U.S. West Texas Intermediate and international-benchmark Brent crude oil futures are edging higher early Friday after posting a dramatic rebound rally the previous session. The markets were boosted on Thursday by a drop in U.S. crude and gasoline inventories, but were still in a position to finish lower for the week on concerns that an OPEC+ impasse could expand global crude supplies.
Oil Prices Rise After Big Draw in US Crude, Gasoline Stocks
Oil prices rose on Thursday, rebounding from early losses after U.S. government data showed a much bigger drop than expected in crude and gasoline inventories.
U.S. crude inventories fell by 6.9 million barrels last week to 445.5 million barrels, Energy Information Administration data showed. Analysts had expected a 4 million-barrel drop.
Gasoline stocks fell by 6.1 million barrels in the week to 235.5 million barrels, the EIA said. Analysts had forecast a 2.2 million-barrel drop.
Concerns About Pandemic Weighs on Prices after Japan Declares State of Emergency
The Olympics will take place without spectators in host city Tokyo, organizers said on Thursday, as a resurgent coronavirus forced Japan to declare a state of emergency in the capital that will run throughout the Games.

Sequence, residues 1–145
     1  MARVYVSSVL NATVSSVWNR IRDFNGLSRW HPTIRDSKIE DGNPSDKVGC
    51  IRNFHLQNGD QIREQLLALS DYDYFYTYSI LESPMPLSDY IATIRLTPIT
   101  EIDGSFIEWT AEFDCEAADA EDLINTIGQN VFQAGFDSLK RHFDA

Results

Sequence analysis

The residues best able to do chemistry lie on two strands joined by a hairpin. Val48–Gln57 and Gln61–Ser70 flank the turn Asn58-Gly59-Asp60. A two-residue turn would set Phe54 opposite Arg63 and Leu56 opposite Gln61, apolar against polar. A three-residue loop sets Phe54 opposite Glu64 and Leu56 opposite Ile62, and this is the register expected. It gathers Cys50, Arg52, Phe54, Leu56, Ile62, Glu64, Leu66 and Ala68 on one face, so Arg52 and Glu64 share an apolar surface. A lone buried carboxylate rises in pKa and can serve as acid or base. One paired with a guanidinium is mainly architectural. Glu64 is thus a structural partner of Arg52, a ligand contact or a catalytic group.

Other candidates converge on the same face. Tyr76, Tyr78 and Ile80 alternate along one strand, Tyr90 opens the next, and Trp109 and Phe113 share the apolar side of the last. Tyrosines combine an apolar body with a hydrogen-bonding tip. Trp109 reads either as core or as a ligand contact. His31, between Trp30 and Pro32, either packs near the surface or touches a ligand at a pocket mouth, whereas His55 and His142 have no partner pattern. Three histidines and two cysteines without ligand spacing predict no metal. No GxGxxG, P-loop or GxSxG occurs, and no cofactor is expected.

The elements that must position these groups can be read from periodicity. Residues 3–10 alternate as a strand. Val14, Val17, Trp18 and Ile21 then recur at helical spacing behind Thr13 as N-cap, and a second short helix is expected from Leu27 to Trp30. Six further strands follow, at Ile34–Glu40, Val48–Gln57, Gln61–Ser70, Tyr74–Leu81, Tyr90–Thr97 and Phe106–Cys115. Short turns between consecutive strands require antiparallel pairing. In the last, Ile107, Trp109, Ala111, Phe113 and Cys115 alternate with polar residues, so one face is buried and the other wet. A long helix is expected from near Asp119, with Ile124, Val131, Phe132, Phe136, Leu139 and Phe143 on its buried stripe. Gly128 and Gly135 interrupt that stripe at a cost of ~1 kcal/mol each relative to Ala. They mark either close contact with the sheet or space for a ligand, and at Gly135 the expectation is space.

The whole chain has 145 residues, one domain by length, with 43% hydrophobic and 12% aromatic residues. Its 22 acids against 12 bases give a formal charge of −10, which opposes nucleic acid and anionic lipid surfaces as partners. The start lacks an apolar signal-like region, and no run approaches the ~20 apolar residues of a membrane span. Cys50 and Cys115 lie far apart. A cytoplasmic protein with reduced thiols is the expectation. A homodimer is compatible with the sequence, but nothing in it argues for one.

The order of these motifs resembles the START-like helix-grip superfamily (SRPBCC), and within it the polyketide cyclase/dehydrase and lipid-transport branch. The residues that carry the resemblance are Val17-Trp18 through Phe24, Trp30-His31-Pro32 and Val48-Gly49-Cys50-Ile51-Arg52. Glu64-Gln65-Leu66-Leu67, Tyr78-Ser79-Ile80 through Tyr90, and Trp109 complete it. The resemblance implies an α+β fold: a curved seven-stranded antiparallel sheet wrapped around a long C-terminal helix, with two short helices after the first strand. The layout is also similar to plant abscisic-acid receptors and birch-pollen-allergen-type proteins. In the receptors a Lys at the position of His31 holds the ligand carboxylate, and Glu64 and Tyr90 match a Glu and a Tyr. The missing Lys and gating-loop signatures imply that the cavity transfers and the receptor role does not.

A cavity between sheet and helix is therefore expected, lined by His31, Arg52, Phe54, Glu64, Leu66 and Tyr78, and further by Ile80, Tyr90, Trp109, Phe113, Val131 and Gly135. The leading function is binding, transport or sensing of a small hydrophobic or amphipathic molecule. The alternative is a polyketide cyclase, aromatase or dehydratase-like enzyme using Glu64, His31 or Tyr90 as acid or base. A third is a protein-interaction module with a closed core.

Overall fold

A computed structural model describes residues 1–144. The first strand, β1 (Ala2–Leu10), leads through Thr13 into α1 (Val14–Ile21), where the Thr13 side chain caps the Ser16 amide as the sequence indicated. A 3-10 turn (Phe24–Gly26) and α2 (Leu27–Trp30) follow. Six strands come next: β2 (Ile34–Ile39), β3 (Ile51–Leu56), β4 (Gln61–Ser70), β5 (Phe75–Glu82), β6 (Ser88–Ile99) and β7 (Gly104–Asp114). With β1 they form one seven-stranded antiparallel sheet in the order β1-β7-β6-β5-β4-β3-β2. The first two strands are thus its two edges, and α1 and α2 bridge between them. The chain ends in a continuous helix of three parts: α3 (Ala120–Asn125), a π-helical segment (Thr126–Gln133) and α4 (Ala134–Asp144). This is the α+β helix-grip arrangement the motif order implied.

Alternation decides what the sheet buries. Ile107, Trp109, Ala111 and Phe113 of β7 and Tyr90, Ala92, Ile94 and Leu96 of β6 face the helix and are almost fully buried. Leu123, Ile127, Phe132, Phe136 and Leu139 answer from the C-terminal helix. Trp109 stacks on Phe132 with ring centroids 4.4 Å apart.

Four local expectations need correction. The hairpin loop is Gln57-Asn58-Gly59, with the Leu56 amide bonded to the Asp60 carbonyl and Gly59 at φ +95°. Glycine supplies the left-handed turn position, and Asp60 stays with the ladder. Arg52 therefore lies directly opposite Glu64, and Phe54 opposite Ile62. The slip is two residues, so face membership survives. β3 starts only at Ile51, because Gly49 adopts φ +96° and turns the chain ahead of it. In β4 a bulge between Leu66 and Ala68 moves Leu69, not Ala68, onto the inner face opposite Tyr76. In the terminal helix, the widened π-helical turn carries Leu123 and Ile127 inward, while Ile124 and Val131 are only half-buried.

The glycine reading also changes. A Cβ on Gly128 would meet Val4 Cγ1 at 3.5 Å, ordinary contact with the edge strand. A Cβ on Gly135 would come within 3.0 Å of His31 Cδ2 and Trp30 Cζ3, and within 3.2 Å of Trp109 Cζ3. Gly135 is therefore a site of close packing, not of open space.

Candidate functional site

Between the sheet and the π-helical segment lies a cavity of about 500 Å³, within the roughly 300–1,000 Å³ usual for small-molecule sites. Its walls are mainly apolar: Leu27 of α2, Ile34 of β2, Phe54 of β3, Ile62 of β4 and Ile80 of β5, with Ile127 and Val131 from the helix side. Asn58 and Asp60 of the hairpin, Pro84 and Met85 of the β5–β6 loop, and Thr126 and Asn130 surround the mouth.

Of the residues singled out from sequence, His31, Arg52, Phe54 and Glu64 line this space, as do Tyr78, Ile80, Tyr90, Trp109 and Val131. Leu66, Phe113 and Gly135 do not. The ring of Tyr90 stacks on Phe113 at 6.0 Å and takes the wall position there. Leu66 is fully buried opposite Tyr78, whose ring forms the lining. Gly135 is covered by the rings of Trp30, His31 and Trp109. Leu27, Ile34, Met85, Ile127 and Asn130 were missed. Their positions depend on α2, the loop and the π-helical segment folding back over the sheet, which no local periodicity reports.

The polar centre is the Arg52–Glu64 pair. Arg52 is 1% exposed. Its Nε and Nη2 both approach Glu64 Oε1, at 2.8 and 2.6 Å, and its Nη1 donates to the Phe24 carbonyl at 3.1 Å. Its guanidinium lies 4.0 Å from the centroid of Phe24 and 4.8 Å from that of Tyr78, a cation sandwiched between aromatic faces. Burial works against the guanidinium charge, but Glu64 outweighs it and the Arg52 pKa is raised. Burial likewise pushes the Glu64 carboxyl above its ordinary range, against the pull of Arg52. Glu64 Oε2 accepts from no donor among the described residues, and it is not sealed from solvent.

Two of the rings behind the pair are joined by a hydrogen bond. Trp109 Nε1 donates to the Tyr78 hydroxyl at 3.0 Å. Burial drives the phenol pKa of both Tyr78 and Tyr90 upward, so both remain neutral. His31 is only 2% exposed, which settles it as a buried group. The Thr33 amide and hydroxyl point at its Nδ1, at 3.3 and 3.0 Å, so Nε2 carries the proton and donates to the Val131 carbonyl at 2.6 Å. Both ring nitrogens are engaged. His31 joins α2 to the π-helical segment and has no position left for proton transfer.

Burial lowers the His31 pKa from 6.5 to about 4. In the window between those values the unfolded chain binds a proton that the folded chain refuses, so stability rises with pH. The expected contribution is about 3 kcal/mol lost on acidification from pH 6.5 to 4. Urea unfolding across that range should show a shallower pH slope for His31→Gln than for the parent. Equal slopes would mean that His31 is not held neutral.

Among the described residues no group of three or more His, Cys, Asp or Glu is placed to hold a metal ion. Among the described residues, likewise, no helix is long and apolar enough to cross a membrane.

Prime Minister Yoshihide Suga said it was essential to prevent Tokyo, where the highly contagious Delta variant of COVID-19 variant was spreading, from becoming a flashpoint of new infections.
“We absolutely must avoid Tokyo being the starting point again of another spread of the infection,” Suga told a news conference.
Bearish Tone Set Early in Week When OPEC+ Talks Collapsed
On Monday OPEC+ announced a breakdown in discussions between major oil producers Saudi Arabia and the United Arab Emirates. The two Gulf OPEC allies are at odds over a proposed deal that would have brought more oil to the market.
Reuters reported, Russia was trying to mediate to help strike a deal to raise output, OPEC+ sources said on Wednesday. Additionally, the United States had high level conversations with officials in Saudi Arabia and the UAE, the White House said on Tuesday.
Crude oil prices are likely to trade sideways-to-lower over the short-run due to the uncertainty surrounding future OPEC+ production hikes. Some traders fear members of the OPEC+ group could be tempted to abandon output limits that they have followed during the pandemic, potentially flooding the market with supply. This is likely the biggest concern driving bullish traders to the sidelines.